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I think it is safe to say that by this point in the holiday season we have all eaten more than our fair share of apple pies. So, why don’t you try your hand at this pear-ginger pie!
1. In a large bowl, toss the pears with ½ cup of the granulated sugar, the crystallized ginger, cornstarch, orange juice, salt, cinnamon and ground ginger. Let sit for 30 minutes at room temperature.
2. Preheat the oven to 350º. Strain the pears of any excess liquid and transfer the liquid to a small saucepan over medium-high heat. Cook, stirring constantly, until the liquid has thickened, 2 to 3 minutes. Then add the liquid back to the bowl with the pears and toss to incorporate.
3. On a lightly floured surface, roll out 1 disk of the pie dough into a 12-inch circle. Transfer to a 9-inch pie tin pressing to fit the tin, leaving at least 1 inch of overhang on the sides. Spoon the filling into the tin over the dough, spreading to make an even layer.
4. Roll out the other disk of pie dough into a 10-inch square. Using a knife, cut eighteen ½-inch strips of dough. Take 3 strips of the dough and braid into 1 strand. Repeat this process until you have 6 braided strips. Place 3 strips horizontally across the pears, then pull alternating strips back and lay the additional strips perpendicular. Trim off the extra dough, then roll up the edge to make a rim around the dish. Using your fingers, crimp the edges of the pie.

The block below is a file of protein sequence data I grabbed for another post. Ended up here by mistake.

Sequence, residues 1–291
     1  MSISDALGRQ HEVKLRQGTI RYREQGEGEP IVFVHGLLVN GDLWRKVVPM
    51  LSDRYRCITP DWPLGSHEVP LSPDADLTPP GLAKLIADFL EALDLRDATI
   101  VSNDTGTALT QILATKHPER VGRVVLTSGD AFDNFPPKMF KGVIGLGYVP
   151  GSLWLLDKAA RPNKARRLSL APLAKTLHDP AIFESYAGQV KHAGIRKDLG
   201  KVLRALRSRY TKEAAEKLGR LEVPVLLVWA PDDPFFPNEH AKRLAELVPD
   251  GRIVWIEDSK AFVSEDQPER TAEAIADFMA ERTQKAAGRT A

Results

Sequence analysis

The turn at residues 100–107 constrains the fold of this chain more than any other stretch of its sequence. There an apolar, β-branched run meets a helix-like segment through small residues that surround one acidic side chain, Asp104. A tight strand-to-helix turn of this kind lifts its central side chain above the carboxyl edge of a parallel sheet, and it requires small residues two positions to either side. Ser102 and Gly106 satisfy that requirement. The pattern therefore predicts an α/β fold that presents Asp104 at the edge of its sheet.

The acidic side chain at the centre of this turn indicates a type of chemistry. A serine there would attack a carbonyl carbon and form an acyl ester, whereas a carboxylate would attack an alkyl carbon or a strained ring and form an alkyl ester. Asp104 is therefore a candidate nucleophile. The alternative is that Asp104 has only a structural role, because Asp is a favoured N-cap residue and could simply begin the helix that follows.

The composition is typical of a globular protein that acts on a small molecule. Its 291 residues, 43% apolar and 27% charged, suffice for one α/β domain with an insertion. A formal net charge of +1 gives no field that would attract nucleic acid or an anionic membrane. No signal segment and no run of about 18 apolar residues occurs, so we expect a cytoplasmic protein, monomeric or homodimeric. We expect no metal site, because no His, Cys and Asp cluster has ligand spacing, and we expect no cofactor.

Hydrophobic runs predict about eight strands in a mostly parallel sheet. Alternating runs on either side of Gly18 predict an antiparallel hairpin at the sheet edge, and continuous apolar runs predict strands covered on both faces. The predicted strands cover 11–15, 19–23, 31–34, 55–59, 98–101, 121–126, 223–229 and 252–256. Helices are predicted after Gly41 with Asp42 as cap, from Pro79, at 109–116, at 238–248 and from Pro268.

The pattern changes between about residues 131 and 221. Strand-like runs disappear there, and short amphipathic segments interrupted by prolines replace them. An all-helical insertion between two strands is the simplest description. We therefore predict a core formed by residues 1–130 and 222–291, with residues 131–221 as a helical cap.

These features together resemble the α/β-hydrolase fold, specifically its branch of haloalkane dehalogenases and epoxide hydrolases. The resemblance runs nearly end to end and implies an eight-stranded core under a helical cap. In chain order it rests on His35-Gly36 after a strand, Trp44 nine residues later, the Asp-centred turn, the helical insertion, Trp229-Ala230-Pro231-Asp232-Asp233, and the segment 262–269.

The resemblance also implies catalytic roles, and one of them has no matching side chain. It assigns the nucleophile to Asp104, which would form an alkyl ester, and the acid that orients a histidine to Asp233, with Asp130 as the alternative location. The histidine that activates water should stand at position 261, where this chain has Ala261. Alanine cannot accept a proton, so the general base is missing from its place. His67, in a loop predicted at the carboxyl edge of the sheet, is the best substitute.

5. Brush the dough liberally with the beaten egg, then sprinkle the remaining 1 tablespoon of granulated sugar over top. Bake until the crust is golden brown and the filling has thickened, 1 hour to 1 hour and 10 minutes. Remove from the oven and let cool completely before slicing and serving.
Move over, apple, there’s a new king of fall pies. The under-appreciated pear shines in this spiced pie made with crystallized ginger and cinnamon. Wrapped up in a braided lattice crust, this pear pie has become our new favorite treat for fall and is a worthy contender for a place next to your Thanksgiving pumpkin pie.
A braided lattice crust is a fun way to add extra flare to your baked goods at home. The process is the same as braiding hair and results in a beautifully crisp crust. We use granulated sugar for a glossy finish on the dough, but feel free to substitute turbinado sugar or omit it completely.
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